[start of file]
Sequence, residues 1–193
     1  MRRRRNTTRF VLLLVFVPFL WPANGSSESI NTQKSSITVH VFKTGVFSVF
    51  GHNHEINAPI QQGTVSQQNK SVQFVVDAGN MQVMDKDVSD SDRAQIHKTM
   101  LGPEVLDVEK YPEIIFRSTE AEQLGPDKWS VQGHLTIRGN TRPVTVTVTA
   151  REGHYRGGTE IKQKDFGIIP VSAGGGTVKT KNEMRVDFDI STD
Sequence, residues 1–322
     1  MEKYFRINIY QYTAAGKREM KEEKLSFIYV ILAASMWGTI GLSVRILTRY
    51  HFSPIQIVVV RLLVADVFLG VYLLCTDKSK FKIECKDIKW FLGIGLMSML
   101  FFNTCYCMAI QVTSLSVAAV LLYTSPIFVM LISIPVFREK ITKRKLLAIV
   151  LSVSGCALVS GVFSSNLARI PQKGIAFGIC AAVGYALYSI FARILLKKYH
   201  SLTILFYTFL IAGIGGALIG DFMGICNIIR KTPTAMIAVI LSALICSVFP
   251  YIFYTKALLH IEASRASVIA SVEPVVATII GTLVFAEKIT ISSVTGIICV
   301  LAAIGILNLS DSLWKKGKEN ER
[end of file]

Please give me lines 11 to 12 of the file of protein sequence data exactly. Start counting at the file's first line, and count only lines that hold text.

   201  SLTILFYTFL IAGIGGALIG DFMGICNIIR KTPTAMIAVI LSALICSVFP
   251  YIFYTKALLH IEASRASVIA SVEPVVATII GTLVFAEKIT ISSVTGIICV